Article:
Wednesday, May 1, 2013

[REVIEW] What it Means to be a Man: God's Design for Us in a World Full of Extremes

What it Means to be a Man: God's Design for Us in a World Full of Extremes

Rhett Smith

First thing first: I do not belong to the book's target (or "intended", if you will) audience. I do not identify as a Christian, but since I do identify as a man I thought I could take something away from this book. I'd also like to mention that I received this as an ARC (Advanced Reader Copy) for Kindle in exchange for an honest review. That follows now.

What it means to be a man is something that has changed - and will probably continue to change - throughout the years. For good, but also for bad. This book is an attempt to embrace and develop the good. Since it is a book written by a Christian for other Christians, it's heavy on religion (or, well, Christianity). Which is all fine, if it hadn't been for certain wordings, such as "there is some mysterious energy that passes from the male to his children," praise for a runner who finished a race on a snapped hamstring, talk about "the man who would have taught [his children] how to fix and build things, throw a football, tie a tie, cook a meal and drive a car" - like a mother, or another woman, would be unable to do that? I do get the point in the last example, though, that a father should be there for his children.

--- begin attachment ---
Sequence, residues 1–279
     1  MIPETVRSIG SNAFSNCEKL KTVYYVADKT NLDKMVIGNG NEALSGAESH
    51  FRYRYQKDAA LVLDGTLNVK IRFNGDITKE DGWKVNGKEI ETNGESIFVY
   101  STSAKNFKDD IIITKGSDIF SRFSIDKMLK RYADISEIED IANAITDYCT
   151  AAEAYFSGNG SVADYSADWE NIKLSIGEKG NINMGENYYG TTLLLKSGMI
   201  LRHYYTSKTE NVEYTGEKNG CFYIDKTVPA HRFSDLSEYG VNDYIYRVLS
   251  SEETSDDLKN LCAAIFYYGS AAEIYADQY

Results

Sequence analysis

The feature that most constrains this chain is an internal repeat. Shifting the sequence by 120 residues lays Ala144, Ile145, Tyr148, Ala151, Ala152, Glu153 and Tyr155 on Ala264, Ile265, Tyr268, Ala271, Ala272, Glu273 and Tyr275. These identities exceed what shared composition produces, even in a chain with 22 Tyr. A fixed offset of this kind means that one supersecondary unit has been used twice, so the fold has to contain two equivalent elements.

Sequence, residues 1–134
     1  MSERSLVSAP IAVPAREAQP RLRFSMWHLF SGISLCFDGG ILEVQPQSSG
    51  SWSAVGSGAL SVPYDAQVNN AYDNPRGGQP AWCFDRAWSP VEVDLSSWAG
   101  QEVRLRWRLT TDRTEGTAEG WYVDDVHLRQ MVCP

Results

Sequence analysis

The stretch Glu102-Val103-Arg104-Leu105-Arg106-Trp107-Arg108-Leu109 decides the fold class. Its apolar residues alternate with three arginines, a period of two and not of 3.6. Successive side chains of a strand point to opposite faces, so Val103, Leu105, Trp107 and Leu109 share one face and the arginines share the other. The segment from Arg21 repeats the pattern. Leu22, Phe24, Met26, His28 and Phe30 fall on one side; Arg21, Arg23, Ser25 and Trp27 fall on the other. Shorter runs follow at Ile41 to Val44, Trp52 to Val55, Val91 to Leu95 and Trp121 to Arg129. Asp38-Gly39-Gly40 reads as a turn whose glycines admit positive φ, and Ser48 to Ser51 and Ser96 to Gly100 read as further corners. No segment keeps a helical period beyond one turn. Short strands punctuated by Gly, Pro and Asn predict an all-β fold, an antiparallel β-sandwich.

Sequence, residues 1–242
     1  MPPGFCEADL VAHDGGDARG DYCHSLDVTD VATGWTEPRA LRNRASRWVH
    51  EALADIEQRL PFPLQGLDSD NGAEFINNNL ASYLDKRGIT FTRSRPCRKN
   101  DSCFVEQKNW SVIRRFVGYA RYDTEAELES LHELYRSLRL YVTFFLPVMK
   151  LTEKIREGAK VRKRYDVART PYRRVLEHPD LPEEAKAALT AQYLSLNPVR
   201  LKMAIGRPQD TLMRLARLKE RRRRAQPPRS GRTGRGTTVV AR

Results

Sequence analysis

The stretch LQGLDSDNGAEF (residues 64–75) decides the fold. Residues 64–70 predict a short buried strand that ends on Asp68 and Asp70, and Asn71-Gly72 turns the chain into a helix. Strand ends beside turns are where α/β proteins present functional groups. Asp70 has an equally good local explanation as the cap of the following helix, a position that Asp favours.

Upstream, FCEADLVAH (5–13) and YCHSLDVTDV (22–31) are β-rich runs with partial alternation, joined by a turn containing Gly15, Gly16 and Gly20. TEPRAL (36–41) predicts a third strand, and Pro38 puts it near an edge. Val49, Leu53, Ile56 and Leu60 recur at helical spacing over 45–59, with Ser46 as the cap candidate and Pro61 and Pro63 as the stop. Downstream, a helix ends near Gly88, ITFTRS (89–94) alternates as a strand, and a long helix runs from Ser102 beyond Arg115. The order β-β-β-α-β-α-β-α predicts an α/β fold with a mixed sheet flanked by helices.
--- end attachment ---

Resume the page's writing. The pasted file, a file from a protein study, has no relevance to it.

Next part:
Another thing that jumped out at me was this: "What if depression is a gift that helps us conquer the emotions that weigh us down?" While being depressed, or having any other diagnoses for that matter, isn't something you should be ashamed of or feel bad about, I find it quite slap-dashed to say something like that. It's not a walk in the park to be depressed.

He also writes, on the subject of religion, that "[t]he grace of being pressed down to the ground is also simple: when we slip and fall, it is usually not fatal, and we can get back up." I don't particularly like the idea of God "pressing us down". *shudders*

There is also no mention of non-traditional gender roles, which I had hoped. But unfortunately there is not too much room for gender-nonconformists in traditional churches (or other religions, for that matter)

So no, this book was definitely not for me. But I'm sure there are many who can benefit from it.

2 bookshelves out of 5.

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